China’s Incredible U-Turn: Can It Be Done?

By Shlomo  Maital    

 

 I’ve just returned from a Workshop at the huge Shanghai Zhangjiang Science Park, in Pudong, Shanghai.  This massive park houses some 200,000 workers (2/3 have college degrees), thousands of companies, many startups, several incubators, and generates $30 b. in GDP.  With the help of 21 experts, I ran a Workshop to map the park’s innovation ecosystem. 

   The scale of the place is amazing.  It could house all of Israel’s R&D workers, with room to spare.  It has deep pockets, with the backing of the national government.  The incubator building where the Workshop was held is spanking new, with a lovely atrium, parquet floors and 12 stories of offices. 

    In a remarkable coincidence, the two biggest economies in the world chose their leaders, within two days (America, last Tuesday; China, last Thursday).  China’s next President Xi Jinping, and probable Prime Minister,  Li Kequiang,  will attempt to implement a major U-turn.  After the current leaders Hu Jintao and Wei Jaobao led China through the global crisis, with only a minor slowdown, the next leaders will try to move China up the economic food chain, toward Created in China and Innovated in China, as China’s wages rise making “Cheap China” more and more expensive.  This is a difficult goal.  China’s society is rule-based.  China’s ruling elite holds the place together by a massive public security operation (which costs more than the external defense spending).  How can you get an entire society to be more innovative, when it is taught to follow the rules from an early age?  Yet, it is happening. I met entrepreneurs at ZJ Park, who are no different from Israeli or American startup youths.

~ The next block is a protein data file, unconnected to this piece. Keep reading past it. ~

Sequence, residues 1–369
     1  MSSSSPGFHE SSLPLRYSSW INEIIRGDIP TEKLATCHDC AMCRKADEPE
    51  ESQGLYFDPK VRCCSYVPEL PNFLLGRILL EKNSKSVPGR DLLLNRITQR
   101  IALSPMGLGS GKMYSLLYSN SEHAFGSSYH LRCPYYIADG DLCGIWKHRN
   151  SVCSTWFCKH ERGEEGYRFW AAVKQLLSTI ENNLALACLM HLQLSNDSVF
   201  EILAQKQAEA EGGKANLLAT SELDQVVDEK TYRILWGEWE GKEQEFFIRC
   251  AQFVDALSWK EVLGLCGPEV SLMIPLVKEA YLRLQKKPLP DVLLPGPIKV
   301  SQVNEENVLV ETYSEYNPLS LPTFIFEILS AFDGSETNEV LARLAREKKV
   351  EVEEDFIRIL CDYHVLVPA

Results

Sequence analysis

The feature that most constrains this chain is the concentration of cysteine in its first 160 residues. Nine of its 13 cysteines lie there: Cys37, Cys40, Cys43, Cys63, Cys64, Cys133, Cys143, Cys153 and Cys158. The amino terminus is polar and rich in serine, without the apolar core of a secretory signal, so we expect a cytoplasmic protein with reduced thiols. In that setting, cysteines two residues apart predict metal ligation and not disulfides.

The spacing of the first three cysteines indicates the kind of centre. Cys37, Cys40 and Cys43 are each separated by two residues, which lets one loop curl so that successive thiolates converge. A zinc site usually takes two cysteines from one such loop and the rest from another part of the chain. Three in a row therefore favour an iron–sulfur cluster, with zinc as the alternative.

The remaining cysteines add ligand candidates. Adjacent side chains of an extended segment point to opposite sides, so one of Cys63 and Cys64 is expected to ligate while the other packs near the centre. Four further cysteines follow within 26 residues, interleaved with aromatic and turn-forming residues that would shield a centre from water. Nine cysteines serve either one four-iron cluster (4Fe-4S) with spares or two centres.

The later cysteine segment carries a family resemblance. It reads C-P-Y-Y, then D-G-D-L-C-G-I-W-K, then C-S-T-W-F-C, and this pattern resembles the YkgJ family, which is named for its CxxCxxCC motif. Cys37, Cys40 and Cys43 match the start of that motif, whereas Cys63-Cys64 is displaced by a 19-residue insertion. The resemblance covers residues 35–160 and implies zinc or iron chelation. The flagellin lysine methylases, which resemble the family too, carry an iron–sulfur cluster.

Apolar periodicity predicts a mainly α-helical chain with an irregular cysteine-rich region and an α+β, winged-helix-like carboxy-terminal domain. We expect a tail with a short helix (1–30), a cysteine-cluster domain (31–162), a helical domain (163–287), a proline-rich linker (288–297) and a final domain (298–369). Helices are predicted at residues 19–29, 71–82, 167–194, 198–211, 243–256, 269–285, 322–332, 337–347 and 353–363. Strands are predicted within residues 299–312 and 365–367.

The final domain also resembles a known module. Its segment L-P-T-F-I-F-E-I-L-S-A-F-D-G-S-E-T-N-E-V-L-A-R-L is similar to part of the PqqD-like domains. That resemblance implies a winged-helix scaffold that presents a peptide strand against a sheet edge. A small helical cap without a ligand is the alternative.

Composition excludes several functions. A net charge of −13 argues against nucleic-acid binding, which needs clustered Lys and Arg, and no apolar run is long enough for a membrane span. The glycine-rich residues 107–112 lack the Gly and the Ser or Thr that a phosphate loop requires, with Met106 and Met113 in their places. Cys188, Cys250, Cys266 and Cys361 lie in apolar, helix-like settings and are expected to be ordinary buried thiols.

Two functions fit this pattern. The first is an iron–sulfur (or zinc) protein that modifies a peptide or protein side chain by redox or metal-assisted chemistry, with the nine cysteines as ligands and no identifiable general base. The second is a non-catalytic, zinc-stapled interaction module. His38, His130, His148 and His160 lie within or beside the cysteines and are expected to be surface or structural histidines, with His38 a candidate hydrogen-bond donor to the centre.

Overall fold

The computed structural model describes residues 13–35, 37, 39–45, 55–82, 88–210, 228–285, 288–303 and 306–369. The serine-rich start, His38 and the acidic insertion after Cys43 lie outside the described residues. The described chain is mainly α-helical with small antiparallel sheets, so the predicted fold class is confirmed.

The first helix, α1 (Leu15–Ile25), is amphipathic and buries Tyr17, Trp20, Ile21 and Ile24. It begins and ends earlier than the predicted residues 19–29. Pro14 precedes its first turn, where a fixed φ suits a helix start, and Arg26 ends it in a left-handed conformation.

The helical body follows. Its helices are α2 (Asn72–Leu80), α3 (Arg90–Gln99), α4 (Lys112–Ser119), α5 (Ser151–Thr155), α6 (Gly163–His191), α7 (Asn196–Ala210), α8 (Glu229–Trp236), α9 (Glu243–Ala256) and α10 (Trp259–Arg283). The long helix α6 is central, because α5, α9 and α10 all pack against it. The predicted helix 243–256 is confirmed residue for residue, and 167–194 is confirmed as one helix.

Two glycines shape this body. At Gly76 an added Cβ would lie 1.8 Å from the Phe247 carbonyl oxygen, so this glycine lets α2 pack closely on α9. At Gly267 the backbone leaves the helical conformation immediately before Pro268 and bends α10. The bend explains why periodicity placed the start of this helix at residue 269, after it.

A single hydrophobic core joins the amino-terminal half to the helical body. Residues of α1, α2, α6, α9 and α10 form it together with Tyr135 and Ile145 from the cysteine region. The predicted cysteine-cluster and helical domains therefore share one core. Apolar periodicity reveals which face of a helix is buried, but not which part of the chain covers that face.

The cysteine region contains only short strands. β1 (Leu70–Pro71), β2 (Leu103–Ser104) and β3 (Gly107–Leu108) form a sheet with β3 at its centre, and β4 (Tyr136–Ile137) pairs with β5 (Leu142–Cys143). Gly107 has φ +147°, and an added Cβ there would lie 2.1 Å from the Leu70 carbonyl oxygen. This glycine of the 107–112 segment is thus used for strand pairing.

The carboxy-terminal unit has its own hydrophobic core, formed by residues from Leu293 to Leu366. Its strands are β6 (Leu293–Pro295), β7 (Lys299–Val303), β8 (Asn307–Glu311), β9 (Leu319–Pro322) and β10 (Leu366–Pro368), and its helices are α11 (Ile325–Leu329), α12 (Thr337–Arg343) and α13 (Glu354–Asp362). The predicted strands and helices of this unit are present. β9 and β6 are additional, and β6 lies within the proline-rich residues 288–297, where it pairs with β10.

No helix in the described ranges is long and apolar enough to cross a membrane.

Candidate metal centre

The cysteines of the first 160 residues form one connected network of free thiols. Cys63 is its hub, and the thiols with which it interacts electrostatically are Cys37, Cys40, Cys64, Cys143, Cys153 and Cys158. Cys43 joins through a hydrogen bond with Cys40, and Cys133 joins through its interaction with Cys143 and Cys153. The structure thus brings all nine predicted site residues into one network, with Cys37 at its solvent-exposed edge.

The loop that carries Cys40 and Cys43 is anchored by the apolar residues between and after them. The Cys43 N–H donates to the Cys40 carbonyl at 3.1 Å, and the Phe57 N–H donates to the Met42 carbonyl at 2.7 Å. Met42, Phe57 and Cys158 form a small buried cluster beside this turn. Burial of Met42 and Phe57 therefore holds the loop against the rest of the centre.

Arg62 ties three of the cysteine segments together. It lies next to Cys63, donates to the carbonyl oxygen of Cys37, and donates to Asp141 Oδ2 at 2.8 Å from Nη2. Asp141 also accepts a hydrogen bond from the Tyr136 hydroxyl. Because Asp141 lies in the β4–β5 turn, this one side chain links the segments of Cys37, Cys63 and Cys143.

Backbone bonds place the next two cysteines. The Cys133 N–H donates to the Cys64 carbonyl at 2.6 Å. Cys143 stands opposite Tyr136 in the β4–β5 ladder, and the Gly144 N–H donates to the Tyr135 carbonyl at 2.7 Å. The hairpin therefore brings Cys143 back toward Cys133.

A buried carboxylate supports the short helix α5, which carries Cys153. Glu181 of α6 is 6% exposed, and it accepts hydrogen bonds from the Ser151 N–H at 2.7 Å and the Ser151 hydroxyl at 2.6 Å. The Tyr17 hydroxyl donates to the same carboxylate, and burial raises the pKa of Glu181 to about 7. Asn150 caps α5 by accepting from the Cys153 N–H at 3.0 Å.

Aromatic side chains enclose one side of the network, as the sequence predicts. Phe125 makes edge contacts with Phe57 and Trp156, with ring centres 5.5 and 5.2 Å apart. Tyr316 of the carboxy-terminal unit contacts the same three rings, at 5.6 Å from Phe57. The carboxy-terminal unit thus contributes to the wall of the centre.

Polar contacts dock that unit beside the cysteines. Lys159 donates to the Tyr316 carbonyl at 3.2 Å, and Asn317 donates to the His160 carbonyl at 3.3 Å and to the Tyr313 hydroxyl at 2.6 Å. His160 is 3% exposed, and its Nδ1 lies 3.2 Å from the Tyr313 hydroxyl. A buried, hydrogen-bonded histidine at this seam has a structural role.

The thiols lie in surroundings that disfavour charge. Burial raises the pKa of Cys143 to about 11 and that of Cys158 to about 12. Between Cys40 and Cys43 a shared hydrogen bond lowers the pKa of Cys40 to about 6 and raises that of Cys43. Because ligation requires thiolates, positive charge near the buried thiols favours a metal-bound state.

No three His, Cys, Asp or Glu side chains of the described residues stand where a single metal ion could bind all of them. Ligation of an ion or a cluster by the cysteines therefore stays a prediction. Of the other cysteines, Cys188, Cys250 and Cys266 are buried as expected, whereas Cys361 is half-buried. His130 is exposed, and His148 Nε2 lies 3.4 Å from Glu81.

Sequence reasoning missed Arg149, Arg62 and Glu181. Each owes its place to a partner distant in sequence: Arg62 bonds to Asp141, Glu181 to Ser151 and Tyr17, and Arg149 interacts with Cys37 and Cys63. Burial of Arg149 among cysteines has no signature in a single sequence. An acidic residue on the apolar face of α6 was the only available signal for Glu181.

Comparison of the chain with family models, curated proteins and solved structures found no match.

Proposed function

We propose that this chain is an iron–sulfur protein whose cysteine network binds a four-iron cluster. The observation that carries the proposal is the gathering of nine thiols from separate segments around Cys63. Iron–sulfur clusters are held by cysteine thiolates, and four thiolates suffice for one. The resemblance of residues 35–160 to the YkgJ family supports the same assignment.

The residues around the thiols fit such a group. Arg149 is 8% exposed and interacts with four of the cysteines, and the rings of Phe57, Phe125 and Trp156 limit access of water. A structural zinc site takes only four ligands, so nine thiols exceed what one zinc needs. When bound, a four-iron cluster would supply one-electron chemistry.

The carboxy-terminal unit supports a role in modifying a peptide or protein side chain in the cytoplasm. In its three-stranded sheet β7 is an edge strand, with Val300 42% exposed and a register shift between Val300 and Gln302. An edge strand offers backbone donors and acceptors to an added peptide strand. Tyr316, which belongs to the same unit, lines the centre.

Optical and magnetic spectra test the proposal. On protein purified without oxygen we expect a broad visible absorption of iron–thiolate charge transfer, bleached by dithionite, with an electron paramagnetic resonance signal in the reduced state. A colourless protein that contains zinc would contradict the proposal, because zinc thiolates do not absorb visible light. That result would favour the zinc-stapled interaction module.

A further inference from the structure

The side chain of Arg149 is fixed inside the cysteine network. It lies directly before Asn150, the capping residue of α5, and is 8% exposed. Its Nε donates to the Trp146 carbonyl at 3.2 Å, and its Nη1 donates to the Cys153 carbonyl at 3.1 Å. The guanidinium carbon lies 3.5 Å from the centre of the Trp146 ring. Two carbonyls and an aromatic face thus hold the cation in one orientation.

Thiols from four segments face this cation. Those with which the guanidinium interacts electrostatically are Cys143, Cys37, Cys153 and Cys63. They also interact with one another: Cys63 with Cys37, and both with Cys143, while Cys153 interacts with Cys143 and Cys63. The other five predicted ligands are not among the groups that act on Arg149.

China’s scale is mind-boggling.  China created 39 m. new college grads in the past decade, and now produce 6 m. every year. 8.9 per cent of the population have college education, (or 117 m. people), up from 3.6% in 2000.  According to the BBC, by the end of the 2020 decade four of every 10 college grads in the world will be Indian or Chinese.  China is also aiming at producing 22 m. vocational school grads, building its vocational education system to supply well-trained factory workers.  By 2020, 29 per cent of the world’s college grads will be Chinese , compared with 11 per cent for the U.S.   This massive quantity of college grads will in itself generate quality – with that many college-educated people, at least some of them will doubtless be highly creative and enterprising.

    America focuses on China’s cheap manufacturing as a threat.  It should focus instead on China’s enormous historically-unprecedented effort to shift from low-cost manufacturing to high-value innovation.  We will watch the two new leaders closely, as they lead China in an incredible unprecedented U-Turn toward creativity.     
 

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